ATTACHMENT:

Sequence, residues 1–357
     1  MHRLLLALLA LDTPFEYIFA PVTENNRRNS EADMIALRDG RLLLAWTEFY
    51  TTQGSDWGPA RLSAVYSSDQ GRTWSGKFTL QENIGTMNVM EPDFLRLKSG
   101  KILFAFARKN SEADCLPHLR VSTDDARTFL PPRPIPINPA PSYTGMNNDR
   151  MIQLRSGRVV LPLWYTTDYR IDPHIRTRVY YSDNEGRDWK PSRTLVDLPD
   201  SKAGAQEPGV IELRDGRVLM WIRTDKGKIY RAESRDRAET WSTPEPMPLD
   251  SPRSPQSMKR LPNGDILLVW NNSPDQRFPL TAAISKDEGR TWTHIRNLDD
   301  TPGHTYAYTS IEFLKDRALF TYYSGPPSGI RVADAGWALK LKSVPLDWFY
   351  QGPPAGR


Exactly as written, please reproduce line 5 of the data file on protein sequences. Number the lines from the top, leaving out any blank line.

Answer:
   151  MIQLRSGRVV LPLWYTTDYR IDPHIRTRVY YSDNEGRDWK PSRTLVDLPD